It is so commonplace and expected that you have to give something in order to get things done that if the request is not completely outrageous you do not consider it more than the cost of doing business. I have even heard it being compared to the culture of tipping for service that is provided in the United States and there is some truth to that when compared to the waiter whose expected tips are built in when determining the hourly wage. Most government workers do not make enough money compared to the standard of living in these countries so they have to make up that shortfall somehow. The problem with that analogy is that the amount to ‘tip’ is being dictated and required even before the service is provided.

Greasing the hands of the official at the desk to ensure that documents that you have filled and paid the fees as required are processed on time is the only way to ensure that you get things done on time. The bigger established companies can afford to stand on principle and refuse to pay the fees because they have enough cash flow to wait out the bureaucracy of the system. The smaller mom and pop establishments cannot afford to stick to their guns. Each day they dig in their heels is one day they come closer to closing their doors permanently and their families starving. In that case they consider how ‘reasonable’ the demanded fee is and they build it into the cost of operations and continue their business and I cannot say that I condemn them. 

I am in no way suggesting that bribing of officials should be sanctioned as a legal requirement of doing business but the situation has so many shades of grey that seeing it as black and white is not being realistic or fair to the local businesses in that environment. Until the governments of these developing countries at their core decide to commit to being ethical in their business practices, is it really fair to lay the ethical burden of bribery on the smaller businesses who cannot afford the time and money to fight to the bitter end for what is rightfully due to them.

Adaobi Okafor
MSBA Class of 2012
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Sunday, December 2, 2012

Becket Adams Fans the Fires at The Blaze

T. Becket Adams
Business Editor at The Blaze
Hailing from South Bend, Ind., Becket Adams is one of 12 children. He graduated from Christendom College with a BA in history in 2008 before enrolling in the Master of Science in Business Analysis program at Catholic university two years later (after waiting tables and selling guitars). He has interned with The National Journalism Center and had the opportunity to serve as chief research assistant to both the Washington Examiner’s David Freddoso and The Wall Street Journal’s Stephen Moore. Becket joined The Blaze after graduating from CUA with his Masters in Business Analysis.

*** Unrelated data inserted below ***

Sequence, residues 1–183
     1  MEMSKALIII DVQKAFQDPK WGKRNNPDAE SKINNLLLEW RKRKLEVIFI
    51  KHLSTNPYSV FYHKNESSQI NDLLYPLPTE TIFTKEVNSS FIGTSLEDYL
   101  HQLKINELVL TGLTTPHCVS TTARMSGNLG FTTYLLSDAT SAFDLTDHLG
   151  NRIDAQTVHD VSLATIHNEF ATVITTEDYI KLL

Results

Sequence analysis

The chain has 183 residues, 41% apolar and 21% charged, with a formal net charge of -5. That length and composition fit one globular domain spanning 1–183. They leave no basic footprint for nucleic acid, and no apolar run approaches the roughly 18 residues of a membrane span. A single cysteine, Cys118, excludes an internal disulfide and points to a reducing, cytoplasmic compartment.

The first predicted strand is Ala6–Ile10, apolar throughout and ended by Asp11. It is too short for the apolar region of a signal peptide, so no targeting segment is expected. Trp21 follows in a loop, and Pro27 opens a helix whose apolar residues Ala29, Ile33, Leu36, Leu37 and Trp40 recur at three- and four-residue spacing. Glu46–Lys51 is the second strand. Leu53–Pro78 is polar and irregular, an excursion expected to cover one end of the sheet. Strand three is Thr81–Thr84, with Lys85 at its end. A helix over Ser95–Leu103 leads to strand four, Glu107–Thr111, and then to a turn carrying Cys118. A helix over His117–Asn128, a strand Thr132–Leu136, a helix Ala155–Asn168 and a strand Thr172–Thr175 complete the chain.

"My time in the CUA MSBA program was marked by two things: The curriculum and the learning environment.

Whether it was the faculty (experts in various business fields) or the advisory board (a diverse array of knowledgeable businesspeople tasked with the job of mentoring individual candidates), the program provided me with a well-rounded curriculum that was steeped in both the technical and ethical aspects of business.

But equally important was the learning environment.

Several of my colleagues were schooled in the liberal arts (i.e. philosophy, history, etc.) and, as a result, things such as quarterly financial statements and three-month moving regressions were wholly foreign concepts.

However, thanks to the MSBA's dedicated staff, as well as candidates working as a team, mastering the curriculum was all but assured. (Indeed, I was amazed at both the faculty's personalized instruction as well as the teamwork I saw between my colleagues.)

Whether it's the collaboration between colleagues, the willingness on the part of some to help others through tough projects, or the intensive course structure, the CUA MSBA experience is one that I would recommend to anyone interested in learning more about business and/or furthering their professional career." - Becket Adams, Class of 2011

Stewart McHie
Director, MS in Business Analysis